However, if expressions about an idea do relate to the quality of that idea, each taken in isolation, what does that say about the concept of meritocracy? That perhaps meritocracy applies only to people and not ideas, and that "meritocracy" in this context has a much narrower definition than a plain reading of the word would suggest.
In other words, if you just have technology (and we're assuming not groundbreaking patentable-technology), you'll likely fail if you have no perseverance and no ability to convince people why it's useful.
All startup founders know they stand a better chance if they project energy, excitement, and confidence, and this is very cheap and easy to do, so they all do it.
As a result, experienced investors become inured, skeptical of it, and ignore it, knowing it's the easiest thing a founder can fake. They look for signals of more substantial stuff, be it the Three T's (Team, Technology, Traction) or something else.
In fact I would argue these days you stand a better chance of distinguishing yourself among investors if you pointedly do not exude energy and excitement at least, but rather sober, quiet confidence, competence, domain expertise, focus, and resolve.
That said, his points about actually being confident, and managing your own psychology, are right on.
"The problem was that even if every warm lead invested the maximum plausible amount we’d still barely make it to $1M."
on to: "PG advised us to dream up some way of lowering our cap for our existing investors to get more takers, which would have been a hella-beta conversation to have and who knows whether it would even work because showing that kind of weakness is a major turnoff."
then: "And yet it ended up totally fine!"
-- all this fluff about sockless bearded russians, and apartments with track lighting but they left out the most important part?
BTW.. does track lighting in apartments state some level of wealth that I'm unaware of?
I didn't know what the heck the OP was trying to indicate about track lighting either. Given the context I figured it was some type of insult about him being cheesy though, I didn't really understand it.
That being said high-end lofts are just as susceptible to crappy renovations or going over budget and forgetting to light a room. The way I see it lighting should either be a flourish of design (pendant lights in a kitchen / chandelier-esque hanging thing in a dining room) or not seen at all.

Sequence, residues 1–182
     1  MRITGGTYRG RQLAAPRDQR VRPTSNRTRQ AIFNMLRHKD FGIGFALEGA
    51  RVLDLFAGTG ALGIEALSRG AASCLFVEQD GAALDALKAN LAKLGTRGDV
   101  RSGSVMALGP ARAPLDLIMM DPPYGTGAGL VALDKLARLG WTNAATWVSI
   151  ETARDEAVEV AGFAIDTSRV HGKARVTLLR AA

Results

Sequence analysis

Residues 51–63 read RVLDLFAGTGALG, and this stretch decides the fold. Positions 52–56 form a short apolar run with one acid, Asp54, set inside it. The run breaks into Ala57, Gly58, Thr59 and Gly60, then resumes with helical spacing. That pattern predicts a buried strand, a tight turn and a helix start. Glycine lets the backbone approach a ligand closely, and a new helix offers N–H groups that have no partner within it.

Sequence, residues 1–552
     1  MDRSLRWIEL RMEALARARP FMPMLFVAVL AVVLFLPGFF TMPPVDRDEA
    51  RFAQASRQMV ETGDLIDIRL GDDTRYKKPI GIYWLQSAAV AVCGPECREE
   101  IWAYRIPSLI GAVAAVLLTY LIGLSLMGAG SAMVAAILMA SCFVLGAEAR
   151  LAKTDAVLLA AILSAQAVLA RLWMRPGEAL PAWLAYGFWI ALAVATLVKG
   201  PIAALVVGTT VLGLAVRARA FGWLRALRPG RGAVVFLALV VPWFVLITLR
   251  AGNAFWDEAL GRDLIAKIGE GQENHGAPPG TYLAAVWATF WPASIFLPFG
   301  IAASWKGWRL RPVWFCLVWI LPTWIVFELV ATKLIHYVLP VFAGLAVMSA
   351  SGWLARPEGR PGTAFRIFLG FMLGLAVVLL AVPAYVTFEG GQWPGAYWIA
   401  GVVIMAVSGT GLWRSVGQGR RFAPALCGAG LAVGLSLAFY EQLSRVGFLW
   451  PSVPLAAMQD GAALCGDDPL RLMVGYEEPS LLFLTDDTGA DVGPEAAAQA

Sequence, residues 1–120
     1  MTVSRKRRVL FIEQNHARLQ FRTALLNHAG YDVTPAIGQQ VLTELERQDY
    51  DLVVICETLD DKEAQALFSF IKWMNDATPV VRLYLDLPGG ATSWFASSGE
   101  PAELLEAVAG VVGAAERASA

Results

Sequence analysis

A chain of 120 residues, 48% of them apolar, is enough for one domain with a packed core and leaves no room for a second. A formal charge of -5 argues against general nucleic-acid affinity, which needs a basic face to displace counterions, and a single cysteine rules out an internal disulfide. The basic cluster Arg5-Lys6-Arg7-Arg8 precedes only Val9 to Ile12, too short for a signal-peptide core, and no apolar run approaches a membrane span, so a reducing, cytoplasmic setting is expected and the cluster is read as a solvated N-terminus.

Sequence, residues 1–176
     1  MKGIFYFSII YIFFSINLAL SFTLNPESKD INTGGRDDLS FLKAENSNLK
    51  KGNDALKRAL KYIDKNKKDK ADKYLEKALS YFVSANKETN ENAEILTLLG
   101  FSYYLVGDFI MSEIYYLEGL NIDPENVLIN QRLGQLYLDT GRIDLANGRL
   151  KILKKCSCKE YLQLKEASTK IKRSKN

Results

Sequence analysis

It was actually closer to $300 / night, but $600 sounds better
They have a product with widespread adoption and a massive scope of new verticals to tackle, and they (I think) have a vision for this technology to make the web a better place for all of us. Just as Facebook was brilliant to attract the love of the cool kids (first Ivy league, then all college kids, then high school + college, etc.), which led to worldwide adoption, RapGenius is taking a far more creative approach than to just build an annotation layer over the entire web without any common beliefs, passions or interests to galvanize the community.
I'm excited to see it pan out.
Edit: I probably shouldn't call someone loud, belligerent, arrogant and outright absurd without a link. :)
And while I realize their personas are a joke, to me, they represent everything I dislike about music.
Also advocating amphetamine use (not much different than meth) and openly talking about delusional theories of having sex on them would somehow produce smarter kids is just insane. I know some of it's a joke but their narcissism seems authentic.
I suppose being able to talk like this is a privilege only available to a site like Rap Genius. I think I love it.
(I was kidding :D)
Edit: Source: Grew up in LA?
"So, we've got this wiki-ish kind page but when you click on a link you get this modal popup thing where stuff is explained to you instead of visiting a new page."
They know they are selling their name and image and they do it full-force.
I do not know if this overly affected style of communication is prominent in the valley or if it is done in the service of pump priming for newsgenius annotations. I am still curious what a "hella-beta conversation" is.
I'm assuming they are speaking of beta in the kind of male-dominance sense it holds in the animal kingdom.
So being "hella-beta" is kind of backing down and giving up the power to someone else who is the alpha of the group.
Also, although they were part of YC, they're based in NYC, not the valley.
1. impudent, flippant
2. bold and lively
3. sexualy suggestive
Did i get that right?
edit: they ask for it
I think your comment would be better if it were better-substantiated. Or any substance at all.
By placing advertisements on their site, Rap Genius could generate significant revenue, with Web traffic that would make almost any content-driven site green with envy. Lots of other avenues are open for turning the site into a business. A premium version of the site is one possibility. Creating sponsored pages, where musicians or labels generate activity around new album releases and other content. There have been discussions with an agent to pitch network Comedy Central the idea of a Rap Genius television show, which could be similar to Mystery Science Theater 3000.
So no monetization strategy has (had?) actually been deployed yet.
PS rap genius annotations implemented on HN would make it a lot cooler. The comments about particular writing style here... u guys should just hop over to Rap Genius and annotate what "hella betta" means. You're living in ancient technology land!
RG is such a breakout star today that it's remarkable to see they went through similar fundraising adventures to everyone else in YCS11.
Signed, a proud beta stealth sock wearer.
Also, there is no such thing as too much pink
I think A16Z invested for the entertainment value.
Posting using your own software to pimp it is a good idea, too. I'm not sure I like annotations in this case, because I really read them all anyways, which means that it's just annoying to click them all. There should be a way to expand them all into the body of the article, if you wanted to (is there?).